2016 NGWA Groundwater Summit

Channel Erosion, Sediment Yields, and Water Supply: A Central Texas Case Study

Monday, April 25, 2016: 2:20 p.m.
Platte River Room (The Westin Denver Downtown)
Stephen Norair , Geology, Baylor University, Waco, TX
Peter Allen, PhD , Geology, Baylor University, Waco, TX
Joseph White, PhD , Baylor University, Waco, TX

Water demand in Central Texas is expected to rise significantly due to a projected 76% population increase by 2060. Investigations of groundwater and surface water are increasingly important for decision makers that need to balance water supply with sustainability. For surface water sources (e.g., lakes, rivers), two factors considered in determination of sustainability are: (1) upstream channel erosion rates, and (2) accumulation rates of sediment downstream.  In this study, a combination of dendrogeomorphic, submerged jet testing, laser scanning, and SWAT-DEG modeling techniques are integrated to determine past erosion rates and predict future channel behavior for two stream channels in Central Texas. Dendrogeomorphology estimates past erosion rates from trees with exposed roots due to anatomical changes that occur after roots are uncovered by channel erosion. This method is valuable because historical erosion data can be gathered in previously unstudied locations. The erodibility of channel soils are determined using the submerged jet test. By subjecting an undisturbed sediment core from a stream channel to a jet of water at a known velocity, its resistance to scour erosion can be determined. A fabricated laser scanner was also developed for this project. This device uses three relatively inexpensive range-finder lasers to generate a centimeter-resolution channel cross sections. It also provides a labor-efficient method to monitor future channel morphology changes. These data can then be used to calibrate and validate SWAT-DEG, a channel degradation model that predicts the amount of stream bank erosion occurring within a reach. By integrating these measurement, monitoring, and prediction techniques channel change and sediment yields can be calculated to determine how much water is available within lake and reservoir sources, thereby giving water managers the information needed to determine how to sustainably utilize ground water resources.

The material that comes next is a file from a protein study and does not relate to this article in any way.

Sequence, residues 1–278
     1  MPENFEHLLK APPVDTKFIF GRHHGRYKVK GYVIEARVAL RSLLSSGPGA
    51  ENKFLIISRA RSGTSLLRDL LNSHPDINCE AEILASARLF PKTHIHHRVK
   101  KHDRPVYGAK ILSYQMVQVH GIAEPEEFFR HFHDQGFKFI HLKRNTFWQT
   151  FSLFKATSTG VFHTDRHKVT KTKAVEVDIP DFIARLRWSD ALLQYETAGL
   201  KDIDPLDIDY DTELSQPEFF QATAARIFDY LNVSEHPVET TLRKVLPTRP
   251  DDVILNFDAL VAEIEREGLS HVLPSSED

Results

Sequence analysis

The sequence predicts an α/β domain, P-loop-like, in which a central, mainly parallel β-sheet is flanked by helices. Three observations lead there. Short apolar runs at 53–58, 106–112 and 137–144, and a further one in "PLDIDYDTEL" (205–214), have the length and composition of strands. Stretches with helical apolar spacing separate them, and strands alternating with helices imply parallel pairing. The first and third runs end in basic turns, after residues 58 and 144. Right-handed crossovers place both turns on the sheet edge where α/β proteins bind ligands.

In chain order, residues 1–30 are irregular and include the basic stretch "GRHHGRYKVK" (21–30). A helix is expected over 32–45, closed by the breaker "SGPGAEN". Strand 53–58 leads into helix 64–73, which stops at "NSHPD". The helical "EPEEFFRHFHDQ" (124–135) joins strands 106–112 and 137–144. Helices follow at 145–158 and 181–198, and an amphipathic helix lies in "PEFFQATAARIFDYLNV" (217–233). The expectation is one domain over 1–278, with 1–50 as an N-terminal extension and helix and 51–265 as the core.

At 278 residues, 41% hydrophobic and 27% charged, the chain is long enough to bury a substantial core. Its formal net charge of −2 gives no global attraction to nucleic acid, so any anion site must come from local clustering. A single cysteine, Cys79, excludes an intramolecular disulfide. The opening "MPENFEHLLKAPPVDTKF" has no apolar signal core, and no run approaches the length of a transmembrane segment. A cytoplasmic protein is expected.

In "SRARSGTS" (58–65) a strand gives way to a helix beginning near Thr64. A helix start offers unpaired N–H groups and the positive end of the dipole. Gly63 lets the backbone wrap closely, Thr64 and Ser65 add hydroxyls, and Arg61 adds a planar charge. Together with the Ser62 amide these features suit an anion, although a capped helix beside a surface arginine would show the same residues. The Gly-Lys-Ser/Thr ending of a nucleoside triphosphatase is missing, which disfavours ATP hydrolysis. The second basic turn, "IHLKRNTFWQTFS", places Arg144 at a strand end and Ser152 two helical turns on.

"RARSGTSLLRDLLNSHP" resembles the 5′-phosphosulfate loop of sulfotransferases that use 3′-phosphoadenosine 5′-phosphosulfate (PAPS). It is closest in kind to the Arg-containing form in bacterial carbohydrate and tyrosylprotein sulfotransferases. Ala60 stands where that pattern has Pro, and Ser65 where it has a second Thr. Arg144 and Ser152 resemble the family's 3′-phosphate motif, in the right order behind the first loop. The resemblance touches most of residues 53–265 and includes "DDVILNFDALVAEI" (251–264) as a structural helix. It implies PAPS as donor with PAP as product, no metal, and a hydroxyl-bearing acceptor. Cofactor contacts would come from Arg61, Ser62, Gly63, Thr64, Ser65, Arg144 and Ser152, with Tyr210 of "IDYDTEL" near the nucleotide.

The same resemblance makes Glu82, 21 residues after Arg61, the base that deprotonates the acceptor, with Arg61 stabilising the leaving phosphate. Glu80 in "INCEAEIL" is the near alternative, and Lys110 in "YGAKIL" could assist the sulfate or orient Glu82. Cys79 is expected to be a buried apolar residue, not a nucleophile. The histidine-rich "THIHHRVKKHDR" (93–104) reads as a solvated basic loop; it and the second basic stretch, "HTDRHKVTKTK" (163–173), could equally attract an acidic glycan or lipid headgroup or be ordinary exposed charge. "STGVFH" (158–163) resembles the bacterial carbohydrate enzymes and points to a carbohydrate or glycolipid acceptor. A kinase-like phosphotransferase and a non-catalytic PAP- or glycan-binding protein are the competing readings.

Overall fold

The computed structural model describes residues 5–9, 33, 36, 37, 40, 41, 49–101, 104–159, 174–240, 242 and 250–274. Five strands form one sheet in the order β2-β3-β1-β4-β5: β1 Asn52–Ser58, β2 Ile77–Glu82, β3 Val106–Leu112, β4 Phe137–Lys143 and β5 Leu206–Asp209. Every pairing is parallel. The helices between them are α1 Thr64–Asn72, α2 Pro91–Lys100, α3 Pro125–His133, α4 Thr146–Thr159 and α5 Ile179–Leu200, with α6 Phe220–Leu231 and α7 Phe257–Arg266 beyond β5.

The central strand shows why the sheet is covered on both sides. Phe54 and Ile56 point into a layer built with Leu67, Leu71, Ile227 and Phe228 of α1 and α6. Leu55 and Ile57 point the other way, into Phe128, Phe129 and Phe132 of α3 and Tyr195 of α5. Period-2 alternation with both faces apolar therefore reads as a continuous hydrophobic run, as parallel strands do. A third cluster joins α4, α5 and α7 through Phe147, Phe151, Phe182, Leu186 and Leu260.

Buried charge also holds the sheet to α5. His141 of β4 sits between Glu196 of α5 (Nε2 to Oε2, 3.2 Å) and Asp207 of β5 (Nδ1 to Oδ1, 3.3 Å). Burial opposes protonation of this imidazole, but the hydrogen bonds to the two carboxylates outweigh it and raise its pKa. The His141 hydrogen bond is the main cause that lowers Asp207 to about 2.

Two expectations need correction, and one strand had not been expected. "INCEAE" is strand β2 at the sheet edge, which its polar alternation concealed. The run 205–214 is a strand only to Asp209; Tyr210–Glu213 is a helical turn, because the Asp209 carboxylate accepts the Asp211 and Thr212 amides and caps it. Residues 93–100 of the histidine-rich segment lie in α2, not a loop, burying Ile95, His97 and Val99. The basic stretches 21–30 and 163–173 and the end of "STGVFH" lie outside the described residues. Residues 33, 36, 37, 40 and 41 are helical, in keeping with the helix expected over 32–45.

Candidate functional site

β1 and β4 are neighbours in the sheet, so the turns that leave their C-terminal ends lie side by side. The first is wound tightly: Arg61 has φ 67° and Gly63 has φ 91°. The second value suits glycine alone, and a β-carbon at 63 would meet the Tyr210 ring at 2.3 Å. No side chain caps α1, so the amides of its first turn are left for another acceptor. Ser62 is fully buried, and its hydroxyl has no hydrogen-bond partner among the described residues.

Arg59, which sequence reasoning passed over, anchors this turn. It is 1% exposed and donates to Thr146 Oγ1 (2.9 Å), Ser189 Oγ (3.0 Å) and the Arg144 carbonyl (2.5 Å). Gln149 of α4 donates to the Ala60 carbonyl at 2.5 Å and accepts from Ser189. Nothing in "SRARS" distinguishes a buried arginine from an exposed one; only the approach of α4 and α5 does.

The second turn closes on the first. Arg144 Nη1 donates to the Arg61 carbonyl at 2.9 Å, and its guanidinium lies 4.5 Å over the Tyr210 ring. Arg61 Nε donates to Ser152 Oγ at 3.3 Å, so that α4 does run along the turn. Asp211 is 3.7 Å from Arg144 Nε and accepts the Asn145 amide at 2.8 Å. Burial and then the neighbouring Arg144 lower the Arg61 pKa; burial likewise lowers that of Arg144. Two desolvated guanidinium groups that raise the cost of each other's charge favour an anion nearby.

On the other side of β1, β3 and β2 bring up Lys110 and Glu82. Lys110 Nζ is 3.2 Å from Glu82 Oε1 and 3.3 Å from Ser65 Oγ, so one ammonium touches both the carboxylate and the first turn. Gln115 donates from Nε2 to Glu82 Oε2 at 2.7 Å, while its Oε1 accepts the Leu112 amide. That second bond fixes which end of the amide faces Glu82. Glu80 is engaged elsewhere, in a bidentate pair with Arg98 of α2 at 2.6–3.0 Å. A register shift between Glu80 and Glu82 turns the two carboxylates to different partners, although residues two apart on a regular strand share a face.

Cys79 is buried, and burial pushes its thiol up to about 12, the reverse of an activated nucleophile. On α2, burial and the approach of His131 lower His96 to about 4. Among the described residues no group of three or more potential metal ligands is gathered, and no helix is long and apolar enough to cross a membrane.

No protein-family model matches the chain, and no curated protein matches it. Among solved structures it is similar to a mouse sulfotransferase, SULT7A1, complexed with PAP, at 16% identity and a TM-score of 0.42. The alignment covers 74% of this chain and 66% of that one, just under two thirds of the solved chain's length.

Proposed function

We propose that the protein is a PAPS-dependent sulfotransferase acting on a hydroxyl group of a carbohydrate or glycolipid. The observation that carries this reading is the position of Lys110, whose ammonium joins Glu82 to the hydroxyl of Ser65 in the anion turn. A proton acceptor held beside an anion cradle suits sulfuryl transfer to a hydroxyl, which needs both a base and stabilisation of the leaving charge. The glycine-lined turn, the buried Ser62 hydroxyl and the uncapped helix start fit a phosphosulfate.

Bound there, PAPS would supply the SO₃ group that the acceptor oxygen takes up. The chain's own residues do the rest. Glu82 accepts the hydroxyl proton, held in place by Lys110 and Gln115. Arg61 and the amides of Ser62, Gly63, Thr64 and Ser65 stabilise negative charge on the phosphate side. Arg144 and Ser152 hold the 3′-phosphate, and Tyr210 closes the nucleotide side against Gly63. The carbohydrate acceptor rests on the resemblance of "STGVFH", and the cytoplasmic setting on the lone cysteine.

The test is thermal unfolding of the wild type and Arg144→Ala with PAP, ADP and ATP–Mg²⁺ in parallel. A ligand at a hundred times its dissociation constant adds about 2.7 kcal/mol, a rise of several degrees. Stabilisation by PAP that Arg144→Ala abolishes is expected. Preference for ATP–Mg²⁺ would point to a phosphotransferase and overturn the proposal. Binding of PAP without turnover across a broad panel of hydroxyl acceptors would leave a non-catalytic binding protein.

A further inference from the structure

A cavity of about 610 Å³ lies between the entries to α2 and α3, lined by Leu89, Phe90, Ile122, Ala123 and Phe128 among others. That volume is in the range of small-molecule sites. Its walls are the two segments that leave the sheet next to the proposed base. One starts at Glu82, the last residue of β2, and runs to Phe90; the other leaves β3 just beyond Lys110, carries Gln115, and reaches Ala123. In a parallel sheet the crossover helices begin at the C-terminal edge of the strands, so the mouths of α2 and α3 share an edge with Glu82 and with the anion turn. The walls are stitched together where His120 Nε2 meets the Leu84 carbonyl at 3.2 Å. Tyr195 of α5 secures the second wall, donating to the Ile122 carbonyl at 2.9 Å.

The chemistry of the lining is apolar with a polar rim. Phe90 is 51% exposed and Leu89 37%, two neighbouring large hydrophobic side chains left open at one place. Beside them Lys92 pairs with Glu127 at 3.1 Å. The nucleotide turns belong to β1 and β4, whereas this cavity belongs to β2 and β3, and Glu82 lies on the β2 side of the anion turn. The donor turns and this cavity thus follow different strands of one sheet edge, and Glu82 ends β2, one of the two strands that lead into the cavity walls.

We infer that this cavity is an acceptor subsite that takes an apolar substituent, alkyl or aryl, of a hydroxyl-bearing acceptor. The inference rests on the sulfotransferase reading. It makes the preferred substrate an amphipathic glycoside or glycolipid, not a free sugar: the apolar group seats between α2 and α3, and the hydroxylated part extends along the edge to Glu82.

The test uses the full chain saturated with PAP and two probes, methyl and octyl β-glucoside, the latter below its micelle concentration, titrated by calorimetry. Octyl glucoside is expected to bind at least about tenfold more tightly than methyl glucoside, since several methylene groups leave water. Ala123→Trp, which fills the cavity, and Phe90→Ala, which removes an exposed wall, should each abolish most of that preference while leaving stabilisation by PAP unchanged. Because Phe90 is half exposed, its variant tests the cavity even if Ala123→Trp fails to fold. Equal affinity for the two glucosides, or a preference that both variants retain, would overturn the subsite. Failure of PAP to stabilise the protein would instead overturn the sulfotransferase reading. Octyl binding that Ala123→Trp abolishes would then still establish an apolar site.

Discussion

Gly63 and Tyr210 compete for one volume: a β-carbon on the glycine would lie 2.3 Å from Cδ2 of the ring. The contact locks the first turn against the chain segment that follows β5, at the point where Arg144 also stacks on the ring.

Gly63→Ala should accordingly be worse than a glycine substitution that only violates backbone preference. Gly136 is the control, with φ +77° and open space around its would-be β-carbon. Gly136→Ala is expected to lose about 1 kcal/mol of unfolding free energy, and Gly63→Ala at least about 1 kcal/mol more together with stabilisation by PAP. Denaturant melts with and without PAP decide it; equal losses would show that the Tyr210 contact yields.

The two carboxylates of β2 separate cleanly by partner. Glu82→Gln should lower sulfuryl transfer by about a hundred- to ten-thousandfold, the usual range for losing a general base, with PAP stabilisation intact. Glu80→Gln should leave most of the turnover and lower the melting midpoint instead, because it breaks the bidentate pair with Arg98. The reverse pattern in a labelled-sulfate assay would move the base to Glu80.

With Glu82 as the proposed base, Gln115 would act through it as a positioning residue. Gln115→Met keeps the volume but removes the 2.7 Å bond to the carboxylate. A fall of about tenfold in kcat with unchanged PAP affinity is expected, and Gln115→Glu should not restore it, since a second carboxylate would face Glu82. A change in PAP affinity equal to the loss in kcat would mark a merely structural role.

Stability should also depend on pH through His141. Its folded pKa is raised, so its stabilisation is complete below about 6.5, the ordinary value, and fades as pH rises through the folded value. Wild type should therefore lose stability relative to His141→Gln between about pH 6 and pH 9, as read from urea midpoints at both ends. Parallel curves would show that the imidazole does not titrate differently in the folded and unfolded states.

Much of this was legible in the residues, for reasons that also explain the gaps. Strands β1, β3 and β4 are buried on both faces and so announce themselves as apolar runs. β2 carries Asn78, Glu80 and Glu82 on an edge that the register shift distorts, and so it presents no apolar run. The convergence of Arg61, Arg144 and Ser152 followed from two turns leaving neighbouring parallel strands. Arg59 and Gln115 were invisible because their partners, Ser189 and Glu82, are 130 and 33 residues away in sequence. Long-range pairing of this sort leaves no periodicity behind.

Stephen Norair, Geology, Baylor University, Waco, TX
Stephen Norair is currently a second year Master's student at Baylor University studying hydrology. After achieving a Bachelor’s degree in geology from Indiana University of Pennsylvania, where his undergraduate research focused on climate change and stream discharge patterns, he went on to work in both the mortgage banking industry and petroleum industry before continuing his formal education. During this time he has participated in GIS short courses, safety and hazard management workshops, and volunteered his time at groundwater conservation districts. Stephen hopes to publish his Master’s research and continue expanding his expertise in industry after graduating in 2016.

Peter Allen, PhD, Geology, Baylor University, Waco, TX
Dr. Peter Allen is professor of geology at Baylor University. His research interests include: � Impact of urbanization on stream channels; erosion degradation and aggradation of streams. � Stream-groundwater interactions and water budget models. � Recharge mechanisms and bypass flow in clay shale terrain. � Field techniques for assessment of geological processes as sedimentation and erosion.

Joseph White, PhD, Baylor University, Waco, TX
Dr. Joseph D. White received both undergraduate and Master's degrees from the Texas Christian University in Biology and is a certified for secondary educator for the state of Texas. He was awarded the doctoral degree in 1996 from the University of Montana's School of Forestry for his research on global climate change impacts on alpine environments derived from satellite information and computer modeling. In 1997, Dr. White received a post-doctoral appointment from Landcare Research in New Zealand to assess national carbon storage in indigenous forests as part of the New Zealand's international commitment to the Kyoto Protocol for climate change mitigation. Following this post-doctoral position, he joined the faculty of the Department of Biology as Assistant Professor at Baylor University. He, along with other colleagues in Biology, Geology, and Environmental Studies, formed The Institute for Ecological, Earth, and Environmental Sciences (TIE3S) at Baylor in 2005 to foster interdisciplinary work, research, and education on global environmental issues. He currently holds the positions of Professor of Biology and Director/Graduate Program Director of TIE3S. His present research topics include watershed and reservoir nutrient dynamics, fire risk in conservation lands, and woody plant-water relationships. As a life-long student of the natural world, his deepest passion is to understand how things work at their most fundamental level following in the words of St. Thomas Aquinas, "No one can love something unknown."